Circulation of Blood – Maharashtra Board Class 7 Solutions for General Science (English Medium)
The different parts of the human circulatory system are the heart and blood vessels such as arteries, veins and capillaries.
Functions of the circulatory system:
- The soluble food constituents produced during digestion are absorbed by the blood. These constituents are then dissolved in the water and transported to various parts of the body.
- The oxygen taken inside the body during respiration is absorbed in the blood circulatory system.
- Chemicals such as enzymes and hormones synthesised in the body are transported to different parts of the body through the blood.
- Waste products produced in each cell of the body are transported to the excretory system from where they are thrown out of the body.
The process of throwing out waste products from the body is called excretion.
Waste products formed in plants:
- Calcium oxalate crystals in Colocasia leaves
- Sap of the rubber tree
- Gum from the babool tree
- Catechu from the khair tree
The waste products formed in plants are collected in the leaves of plants, bark of trees or outer layer of the stem of plants. The bark or the outer layer of the stem and the leaves fall off, and the waste products collected in them are thrown out of the plants along with these plant parts.
- In mammals, the heart is divided into four parts.
- The heart throbs continuously.
- The vessels carrying blood from the heart to the different parts of the body are called arteries.
- The vessels carrying blood from the parts of the body to the heart are called veins.
|Group ‘A’||Group ‘B’|
|(a) A, B, AB and O||3. blood groups|
|(b) a kind of tube||4. blood vessels|
|(c) an independent and closed system||2. blood circulation|
Differences between arteries and veins:
|1.||Blood vessels which carry blood from the heart to the different parts of the body are called arteries.||Blood vessels which carry blood from the different parts of the body to the heart are called veins.|
|2.||They carry pure, oxygen-rich blood.||They carry impure blood lacking oxygen.|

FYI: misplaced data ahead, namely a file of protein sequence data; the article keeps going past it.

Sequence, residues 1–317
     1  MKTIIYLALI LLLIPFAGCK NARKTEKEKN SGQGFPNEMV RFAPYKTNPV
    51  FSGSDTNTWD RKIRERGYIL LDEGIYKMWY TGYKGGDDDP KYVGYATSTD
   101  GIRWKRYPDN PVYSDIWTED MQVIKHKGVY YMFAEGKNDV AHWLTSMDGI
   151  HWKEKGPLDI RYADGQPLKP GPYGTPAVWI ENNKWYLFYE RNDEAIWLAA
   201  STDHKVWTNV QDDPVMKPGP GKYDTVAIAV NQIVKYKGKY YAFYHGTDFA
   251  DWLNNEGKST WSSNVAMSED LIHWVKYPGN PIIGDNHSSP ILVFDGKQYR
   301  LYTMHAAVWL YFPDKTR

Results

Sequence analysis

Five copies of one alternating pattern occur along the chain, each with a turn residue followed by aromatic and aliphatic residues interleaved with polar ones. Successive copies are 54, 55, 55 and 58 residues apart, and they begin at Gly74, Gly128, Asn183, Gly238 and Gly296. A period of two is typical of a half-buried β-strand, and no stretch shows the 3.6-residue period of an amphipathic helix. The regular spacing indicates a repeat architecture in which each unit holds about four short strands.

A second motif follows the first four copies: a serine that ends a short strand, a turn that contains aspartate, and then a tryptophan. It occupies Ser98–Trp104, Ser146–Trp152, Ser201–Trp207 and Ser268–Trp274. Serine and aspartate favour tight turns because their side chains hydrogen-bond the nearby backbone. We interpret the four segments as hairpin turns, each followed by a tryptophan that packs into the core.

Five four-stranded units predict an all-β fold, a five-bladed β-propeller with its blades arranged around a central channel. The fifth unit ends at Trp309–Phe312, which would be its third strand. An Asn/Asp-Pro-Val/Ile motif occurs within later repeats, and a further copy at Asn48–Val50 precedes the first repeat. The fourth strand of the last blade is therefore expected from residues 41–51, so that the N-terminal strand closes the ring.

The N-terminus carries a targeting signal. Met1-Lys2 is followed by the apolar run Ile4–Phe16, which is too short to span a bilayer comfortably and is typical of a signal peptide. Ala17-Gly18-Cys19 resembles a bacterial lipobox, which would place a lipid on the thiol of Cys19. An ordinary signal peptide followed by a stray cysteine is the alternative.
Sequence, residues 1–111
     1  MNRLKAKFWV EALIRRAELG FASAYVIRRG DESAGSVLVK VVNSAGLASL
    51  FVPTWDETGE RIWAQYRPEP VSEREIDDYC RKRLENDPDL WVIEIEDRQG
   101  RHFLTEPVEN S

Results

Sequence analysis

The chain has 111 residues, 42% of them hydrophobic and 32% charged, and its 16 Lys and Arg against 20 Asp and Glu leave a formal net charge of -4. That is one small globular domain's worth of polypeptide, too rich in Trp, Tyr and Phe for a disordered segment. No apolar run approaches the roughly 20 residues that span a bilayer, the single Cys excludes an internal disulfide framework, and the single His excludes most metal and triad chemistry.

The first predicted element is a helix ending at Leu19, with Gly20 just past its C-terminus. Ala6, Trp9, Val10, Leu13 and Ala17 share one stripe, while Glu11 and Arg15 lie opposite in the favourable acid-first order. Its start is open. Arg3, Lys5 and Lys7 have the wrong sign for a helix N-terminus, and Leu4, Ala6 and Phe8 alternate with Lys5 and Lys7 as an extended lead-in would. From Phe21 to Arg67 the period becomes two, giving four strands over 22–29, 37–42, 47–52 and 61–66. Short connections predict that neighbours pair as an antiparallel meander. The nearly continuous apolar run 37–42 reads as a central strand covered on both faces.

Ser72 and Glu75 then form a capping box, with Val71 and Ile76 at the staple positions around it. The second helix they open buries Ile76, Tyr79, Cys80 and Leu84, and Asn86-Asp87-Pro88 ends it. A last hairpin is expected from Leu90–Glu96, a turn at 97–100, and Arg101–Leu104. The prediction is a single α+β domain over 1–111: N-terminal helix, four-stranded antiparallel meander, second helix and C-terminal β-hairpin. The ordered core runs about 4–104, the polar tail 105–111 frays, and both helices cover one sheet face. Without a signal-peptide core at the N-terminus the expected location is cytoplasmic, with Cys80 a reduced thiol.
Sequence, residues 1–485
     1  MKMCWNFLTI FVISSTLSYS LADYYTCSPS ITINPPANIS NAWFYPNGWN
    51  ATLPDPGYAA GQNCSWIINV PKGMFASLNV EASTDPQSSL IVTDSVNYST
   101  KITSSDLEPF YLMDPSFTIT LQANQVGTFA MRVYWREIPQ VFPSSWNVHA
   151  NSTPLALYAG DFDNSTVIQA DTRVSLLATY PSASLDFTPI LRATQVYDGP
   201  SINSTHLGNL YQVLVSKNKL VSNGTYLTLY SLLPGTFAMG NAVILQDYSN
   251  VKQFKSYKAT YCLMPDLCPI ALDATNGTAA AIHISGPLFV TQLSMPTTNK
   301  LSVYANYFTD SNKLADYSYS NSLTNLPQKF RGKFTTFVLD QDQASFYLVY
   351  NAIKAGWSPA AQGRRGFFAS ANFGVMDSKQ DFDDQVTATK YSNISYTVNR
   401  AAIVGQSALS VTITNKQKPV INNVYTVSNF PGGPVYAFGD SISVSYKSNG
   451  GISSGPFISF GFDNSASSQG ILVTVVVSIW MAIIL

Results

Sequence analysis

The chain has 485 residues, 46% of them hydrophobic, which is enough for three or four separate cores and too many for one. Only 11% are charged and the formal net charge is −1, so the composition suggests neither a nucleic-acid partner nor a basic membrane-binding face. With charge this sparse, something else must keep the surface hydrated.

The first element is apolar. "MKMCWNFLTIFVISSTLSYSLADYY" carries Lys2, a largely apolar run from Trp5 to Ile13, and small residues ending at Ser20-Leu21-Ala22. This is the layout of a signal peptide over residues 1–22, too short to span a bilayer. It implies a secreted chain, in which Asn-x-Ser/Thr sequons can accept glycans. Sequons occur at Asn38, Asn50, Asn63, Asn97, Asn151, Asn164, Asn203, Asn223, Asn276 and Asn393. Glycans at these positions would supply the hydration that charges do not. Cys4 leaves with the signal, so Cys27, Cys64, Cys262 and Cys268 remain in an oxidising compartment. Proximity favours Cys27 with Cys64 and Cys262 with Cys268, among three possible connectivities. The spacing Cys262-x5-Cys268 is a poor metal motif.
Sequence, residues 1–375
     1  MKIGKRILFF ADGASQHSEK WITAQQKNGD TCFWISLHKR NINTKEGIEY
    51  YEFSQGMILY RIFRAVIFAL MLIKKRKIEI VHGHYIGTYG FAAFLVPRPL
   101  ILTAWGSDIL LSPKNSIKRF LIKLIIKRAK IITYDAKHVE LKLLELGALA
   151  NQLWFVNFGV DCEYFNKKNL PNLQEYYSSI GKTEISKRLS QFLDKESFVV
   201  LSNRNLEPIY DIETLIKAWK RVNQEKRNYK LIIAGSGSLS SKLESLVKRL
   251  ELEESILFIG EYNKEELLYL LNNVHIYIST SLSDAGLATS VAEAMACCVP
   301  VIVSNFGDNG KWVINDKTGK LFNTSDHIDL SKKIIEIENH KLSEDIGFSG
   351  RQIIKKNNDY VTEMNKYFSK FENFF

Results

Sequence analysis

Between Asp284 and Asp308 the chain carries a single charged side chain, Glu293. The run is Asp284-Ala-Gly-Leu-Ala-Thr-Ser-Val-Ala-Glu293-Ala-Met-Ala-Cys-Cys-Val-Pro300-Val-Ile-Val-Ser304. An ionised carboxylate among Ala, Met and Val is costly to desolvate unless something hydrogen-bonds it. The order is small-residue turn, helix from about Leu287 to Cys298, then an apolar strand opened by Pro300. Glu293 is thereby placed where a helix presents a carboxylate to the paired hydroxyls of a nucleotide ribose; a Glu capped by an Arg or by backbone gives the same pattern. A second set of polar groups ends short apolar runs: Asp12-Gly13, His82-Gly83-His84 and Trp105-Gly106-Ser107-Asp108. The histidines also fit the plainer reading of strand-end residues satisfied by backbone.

|3.||Arteries branch to form capillaries.||Capillaries unite to form veins.|
|4.||They have thick walls.||They have thin walls.|
In every cell, there is an exchange of substances between the blood in the capillaries and the cell content. To facilitate this exchange of substances, the walls of the capillaries are thin.
It is necessary to match the blood group of the donor with the blood group of the receiver before transfusion because if the blood groups do not match, it can be dangerous or even fatal for the patient receiving the blood. The receiver may even die if he/she receives blood of an incorrect blood group.
- The action of a healthy person giving blood for use by a patient is called blood donation.
- There arises a need of blood during major accidents or surgeries when a person loses much blood.
- To make up for such blood loss, the person is given blood from outside. This process is called blood transfusion.
- Blood may also be given to a person suffering from anaemia, thalassaemia or cancer.
- Blood is stored in blood banks which provide blood to the people who need it.
- The person who donates blood is called the donor, and the person receiving it is called the receiver.
- A healthy person can donate blood three or four times in a year.
- At one time, 300 ml of blood can be donated.
- The blood gets formed in the donor’s body in a short period of time.